Sex was an important factor for certain problems. Female dogs were more than 4 times more likely to show improvements in reducing their excitability and attention-seeking behaviors than were male dogs.

What is interesting is that a number of factors associated with the dog owner's personality had major influences on the success of the behavioral intervention. Perhaps the most influential had to do with the level of the owner's attachment to their pet. Owners with higher levels of attachment were more likely to have dogs who managed to decrease their touch sensitivity, separation anxiety, and stranger-directed aggression. They also found a progressive increase in trainability. The authors note, "To implement behavior modification techniques, dogs must be attentive, responsive to commands and able to ignore distracting stimuli. As such, trainability is vital for the success of clinical intervention."

When it comes to the owner's basic personality factors, extroverted dog owners were more likely to see decreases in fearfulness and touch sensitivity than were their introverted counterparts. Extroverts tend to be enthusiastic and seek out high levels of social interaction while introverted owners may find it more difficult to leave their dog or give it space that may be required as part of the dog's treatment.

Openness to experience also made a difference, since people who were high on this dimension tended to have dogs that became gradually less fearful toward other dogs. This may have to do with the fact that individuals high on this personality dimension are more flexible and may be more likely to accept new methods. The authors suggest, "Dog owners who scored lower in openness may have relied on historic training methods based on forceful methods and positive punishment, which have been associated with increased fear."

One of the results that initially surprised me was the fact that dog owners who were high on conscientiousness were significantly less likely to be successful at reducing stranger-directed aggression in their dogs. Generally speaking, individuals who are highly conscientious are better organized and more diligent in their behaviors. Apparently, these same characteristics may sometimes come with a form of emotional territoriality where individuals high on this personality dimension don't want anybody interfering with their orderly routines, perhaps even routines involving their dog. It may be that such negative feelings may be telegraphed to the dog, raising its suspicion of strangers and thus counteracting the treatment regime.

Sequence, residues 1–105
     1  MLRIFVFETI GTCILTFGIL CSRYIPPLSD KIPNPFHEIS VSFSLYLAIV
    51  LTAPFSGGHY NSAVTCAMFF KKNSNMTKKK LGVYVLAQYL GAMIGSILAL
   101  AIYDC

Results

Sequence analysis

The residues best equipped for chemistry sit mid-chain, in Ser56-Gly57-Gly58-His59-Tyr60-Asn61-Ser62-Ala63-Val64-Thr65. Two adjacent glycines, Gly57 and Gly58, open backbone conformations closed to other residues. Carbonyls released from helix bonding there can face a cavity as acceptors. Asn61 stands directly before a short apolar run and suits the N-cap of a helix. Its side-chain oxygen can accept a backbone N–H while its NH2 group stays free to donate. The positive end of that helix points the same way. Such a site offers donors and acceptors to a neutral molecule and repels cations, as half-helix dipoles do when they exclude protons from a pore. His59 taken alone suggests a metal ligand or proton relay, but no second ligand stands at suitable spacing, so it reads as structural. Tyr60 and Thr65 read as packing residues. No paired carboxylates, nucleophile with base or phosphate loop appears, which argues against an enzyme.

One thing this new study definitely tells us is that the success or failure of any behavioral treatment regime for dogs does not just rely upon the physical and mental status of the dog — although those are quite important. Since the dog owner must ultimately help to implement any behavior modifications, that human's personality plays an important role in treatment outcomes as well. Thus a dog behavior specialist should be most confident of a successful behavioral intervention when a client who is extroverted and open to experience, and is strongly attached to his young female dog, arrives at the office.

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References

Powell L, Stefanovski D, Siracusa C and Serpell J (2021). Owner Personality, Owner-Dog Attachment, and Canine Demographics Influence Treatment Outcomes in Canine Behavioral Medicine Cases. Frontiers in Veterinary Science.  7:630931. doi: 10.3389/fvets.2020.630931